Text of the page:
DeLink by Green Rubber Global is the process of recycling old tires that aims to provide the capacity to devulcanize and revulcanize rubber compounds to produce green rubber.
When Delink is applied to rubber, a chemical reaction converts vulcanized rubber into what is called virgin rubber or green rubber. Thus, the green rubber is used to create new products from vehicle tires to shoe soles.
There are around one billion rubber tyres discarded yearly around the world. The process of reversing rubber vulcanization was not developed until DeLink, which made it impossible to recycle disposed rubber tires.
DeLink technology was developed by Vinod Sekhar’s father, the late Tan Sri Dr BC Sekhar, the first Asian director of the Rubber Institute of Malaysia and the father of Malaysia’s modern rubber industry.
GRG was founded in 1996 by Datuk Vinod Sekhar with the aim to commercialize the technology. DeLink is now used commercially by consumer goods manufacturers, including Timberland and several others.
The Petra Group is a conglomerate that owns international patents including DeLink. Their patents now cover different industries. The privately owned conglomerate provides high-tech solutions to environmental and social problems.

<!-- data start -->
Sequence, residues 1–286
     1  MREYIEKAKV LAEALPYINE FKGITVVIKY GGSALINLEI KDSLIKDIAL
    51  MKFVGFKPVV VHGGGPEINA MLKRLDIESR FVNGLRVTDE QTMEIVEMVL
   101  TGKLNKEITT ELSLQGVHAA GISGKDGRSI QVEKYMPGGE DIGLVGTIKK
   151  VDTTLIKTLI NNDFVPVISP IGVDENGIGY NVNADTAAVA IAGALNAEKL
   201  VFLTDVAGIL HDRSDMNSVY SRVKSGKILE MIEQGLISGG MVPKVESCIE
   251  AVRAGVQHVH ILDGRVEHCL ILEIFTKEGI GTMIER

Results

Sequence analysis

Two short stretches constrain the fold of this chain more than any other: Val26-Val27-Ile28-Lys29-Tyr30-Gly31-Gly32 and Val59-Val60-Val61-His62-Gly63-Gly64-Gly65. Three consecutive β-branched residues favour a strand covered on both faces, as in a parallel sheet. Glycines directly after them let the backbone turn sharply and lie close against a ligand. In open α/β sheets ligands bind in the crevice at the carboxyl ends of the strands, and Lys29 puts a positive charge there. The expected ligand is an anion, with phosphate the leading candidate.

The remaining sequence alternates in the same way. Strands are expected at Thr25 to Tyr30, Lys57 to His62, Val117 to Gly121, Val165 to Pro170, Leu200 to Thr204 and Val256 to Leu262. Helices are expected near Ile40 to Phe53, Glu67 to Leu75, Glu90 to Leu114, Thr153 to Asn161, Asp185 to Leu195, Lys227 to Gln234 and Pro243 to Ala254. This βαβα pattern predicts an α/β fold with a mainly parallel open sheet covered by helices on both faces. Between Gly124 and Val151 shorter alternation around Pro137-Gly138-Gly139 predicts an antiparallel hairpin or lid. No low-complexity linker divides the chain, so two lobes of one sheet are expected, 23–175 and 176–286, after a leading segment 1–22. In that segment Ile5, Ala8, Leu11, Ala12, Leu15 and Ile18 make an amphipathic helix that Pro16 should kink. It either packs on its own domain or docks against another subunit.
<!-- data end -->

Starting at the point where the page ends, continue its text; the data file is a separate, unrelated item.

Since the 90s, this propriety technology is used to convert rubber waste whereby the Petra Group has established partnerships with investors to enable it to meet an increasing demand for eco-friendly products.
In 2007, its subsidiary – Green Rubber Global Ltd opened its first US-based recycling plant in New Mexico with the support of the State Government.
In order to create a greener future, Vinod’s enthusiasm and passion in using the DeLink technology is now preserving the environment, and attracting significant investments in the company from overseas investors.
This has resulted in exponential interests from international manufacturers. With DeLink technology, nations can have the ability to implement zero waste in the rubber manufacturing industry.
The simple, cost-effective and environment-friendly process results in substantial savings if green rubber is used as a raw material. According to Vinod Sekhar, green rubber costs half as much as regular rubber but its performance is at par with regular rubber in major applications.
Vinod and the Petra Group’s GRG are now working on their primary goal, which is to save mother earth, one tyre at a time.